I was looking through you tube the other day when I stumbled on a lovely number from “ The Sound of Music” which I am sure all of us are familiar with “ You are sixteen going on seventeen”. While the song itself is lovely ,what I like about it is the way it celebrates the pleasure of the young couple poised on the brink of adulthood. It is not without reason I guess why people refer to the age sixteen as “Sweet Sixteen”.
Our Indian movies also have loads of songs about the age sixteen. In fact, it is not just songs but entire movies which are about this so called “young love”. “Padinaru Vayadinile” in Tamil, “ Solva Sawan” its Hindi remake being some examples. You might remember songs about the age sixteen “ Sola baras ki bali umar ko salam” – that haunting melody from the movie “ Ek Duje Ke liye” was on every one’s lips as was another earlier number “ Main solah baras ki”.
While not disputing the happiness of sixteen year olds in discovering life and themselves, I have some discomfort about the way a girl who is supposedly sixteen is portrayed in of our Indian movies.
For starters, most of the heroines who play the role of girls singing songs about being sixteen on screen are probably double that age! Saira Bano, Hema Malini etc were well into their thirties when they played sixteen. There were some who were probably a bit younger than them ( like Tina Munium when she sang “ Main Solah Bara ski” on screen) but nowhere were they sixteen!! Film makers however, trudged along , making a parody of these ladies trying to get them to dress and behave in silly ways.
It was not until the release of “Bobby” that teenage love hit the spot light. And it was in this movie probably for the first time, that both the hero and the heroine were actually teenagers. This movie went on to become some sort of legend in Indian cinema running as it did for months at various cinema theatres. The hero Rishi Kapoor became a star while the heroine Dimple Kapadia married reigning superstar Rajesh Khanna and slipped into oblivion becoming a star wife and staying that way until the 80s when she reappeared on screen as a mature woman.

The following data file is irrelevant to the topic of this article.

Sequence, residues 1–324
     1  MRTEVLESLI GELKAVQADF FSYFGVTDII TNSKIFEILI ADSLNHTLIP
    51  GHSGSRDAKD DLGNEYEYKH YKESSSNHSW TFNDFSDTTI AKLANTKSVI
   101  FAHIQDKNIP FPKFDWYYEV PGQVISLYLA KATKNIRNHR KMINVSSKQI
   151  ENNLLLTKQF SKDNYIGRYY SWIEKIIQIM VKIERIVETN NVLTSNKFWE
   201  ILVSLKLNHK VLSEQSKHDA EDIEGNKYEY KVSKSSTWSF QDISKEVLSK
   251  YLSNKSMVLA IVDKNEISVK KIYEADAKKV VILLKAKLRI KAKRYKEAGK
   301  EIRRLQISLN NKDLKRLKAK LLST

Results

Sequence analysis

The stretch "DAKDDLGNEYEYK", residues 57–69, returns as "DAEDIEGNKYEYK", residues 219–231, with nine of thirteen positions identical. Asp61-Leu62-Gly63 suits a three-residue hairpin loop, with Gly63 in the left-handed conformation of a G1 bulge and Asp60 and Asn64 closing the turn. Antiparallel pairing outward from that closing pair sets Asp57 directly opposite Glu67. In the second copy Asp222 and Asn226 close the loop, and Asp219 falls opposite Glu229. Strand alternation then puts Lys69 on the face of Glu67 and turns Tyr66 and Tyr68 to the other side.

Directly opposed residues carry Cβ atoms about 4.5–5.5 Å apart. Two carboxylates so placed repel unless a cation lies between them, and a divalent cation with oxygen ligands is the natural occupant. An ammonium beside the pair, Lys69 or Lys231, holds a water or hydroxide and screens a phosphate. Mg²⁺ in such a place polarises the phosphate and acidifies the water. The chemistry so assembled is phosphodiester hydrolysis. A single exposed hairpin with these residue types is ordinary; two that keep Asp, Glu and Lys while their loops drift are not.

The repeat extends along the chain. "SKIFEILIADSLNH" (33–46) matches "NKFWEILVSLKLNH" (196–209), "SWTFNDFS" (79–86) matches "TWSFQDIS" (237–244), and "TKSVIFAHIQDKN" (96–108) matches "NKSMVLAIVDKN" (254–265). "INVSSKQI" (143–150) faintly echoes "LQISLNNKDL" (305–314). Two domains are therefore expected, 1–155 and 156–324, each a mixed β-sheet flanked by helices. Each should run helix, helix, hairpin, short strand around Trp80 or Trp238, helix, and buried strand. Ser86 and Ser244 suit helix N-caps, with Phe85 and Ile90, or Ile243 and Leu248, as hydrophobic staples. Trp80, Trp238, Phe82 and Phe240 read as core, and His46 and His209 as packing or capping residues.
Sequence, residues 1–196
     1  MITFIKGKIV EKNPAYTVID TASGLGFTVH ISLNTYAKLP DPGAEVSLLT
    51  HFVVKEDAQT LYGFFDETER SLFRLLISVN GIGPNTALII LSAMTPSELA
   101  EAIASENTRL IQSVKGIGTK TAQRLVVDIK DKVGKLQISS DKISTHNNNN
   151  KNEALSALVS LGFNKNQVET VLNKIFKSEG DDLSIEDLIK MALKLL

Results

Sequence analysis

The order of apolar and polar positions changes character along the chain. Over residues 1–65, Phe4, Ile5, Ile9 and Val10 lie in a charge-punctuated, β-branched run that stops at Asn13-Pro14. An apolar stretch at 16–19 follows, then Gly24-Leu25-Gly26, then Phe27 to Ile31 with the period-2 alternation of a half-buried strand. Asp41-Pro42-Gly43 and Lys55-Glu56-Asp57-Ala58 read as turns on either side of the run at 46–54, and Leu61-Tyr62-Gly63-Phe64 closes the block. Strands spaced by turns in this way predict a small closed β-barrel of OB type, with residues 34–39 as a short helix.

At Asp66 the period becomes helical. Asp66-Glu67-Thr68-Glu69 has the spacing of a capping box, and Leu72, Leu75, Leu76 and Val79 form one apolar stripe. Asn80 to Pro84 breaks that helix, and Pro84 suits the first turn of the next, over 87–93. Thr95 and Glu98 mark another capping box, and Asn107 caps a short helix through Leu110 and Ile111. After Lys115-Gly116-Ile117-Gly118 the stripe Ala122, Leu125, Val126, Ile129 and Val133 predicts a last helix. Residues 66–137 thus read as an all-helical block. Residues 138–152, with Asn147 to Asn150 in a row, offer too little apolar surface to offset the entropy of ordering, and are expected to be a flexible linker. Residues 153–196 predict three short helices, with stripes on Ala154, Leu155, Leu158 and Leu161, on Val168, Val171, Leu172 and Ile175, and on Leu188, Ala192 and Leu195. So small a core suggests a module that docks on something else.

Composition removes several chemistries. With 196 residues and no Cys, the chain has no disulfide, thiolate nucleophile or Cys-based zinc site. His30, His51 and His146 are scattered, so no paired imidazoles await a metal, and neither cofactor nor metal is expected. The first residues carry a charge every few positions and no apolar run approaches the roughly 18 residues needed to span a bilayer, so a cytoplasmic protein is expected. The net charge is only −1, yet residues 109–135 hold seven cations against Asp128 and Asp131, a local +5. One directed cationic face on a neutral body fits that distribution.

I was too young at the time Bobby was released to even remember seeing it. I watched it again when I was in college. It seemed rather silly and I wondered how the couple could live “happily ever after” balancing their education and married lives ( remember in that movie the hero is introduced in a song after he is supposed to have completed his school leaving exam !. So the heroine was probably still in school). I also wondered which girl in the 1970s in India dressed in the clothes that Dimple wore- micro shorts with a barred waist and a knotted blouse with a plunging neckline. I realize now that costumes in Indian movies are only an excuse to show off parts of the heroine’s body- in this case a sixteen year old’s! Raj Kapoor was particularly notorious when it came to exploiting his heroine’s sexuality on screen. He did it with Zeenat in “ Satyam Shivam Sundaram” , Padmini and Simi in “ Mera Naam Joker” Mandakini in “ Ram Teri Ganga Maili”. If you remember both these movies, it looked like he had created situations where his camera could rove over a woman’s body. But then it was a career choice for established actors like Zeenat, Simi or Padmini whether to reveal or not. They were adults and probably knew what they were doing. But in the case of Dimple and Mandakini I am not so sure. I think they were exploited by his lens and aided in the process by their parents who did nothing to protest.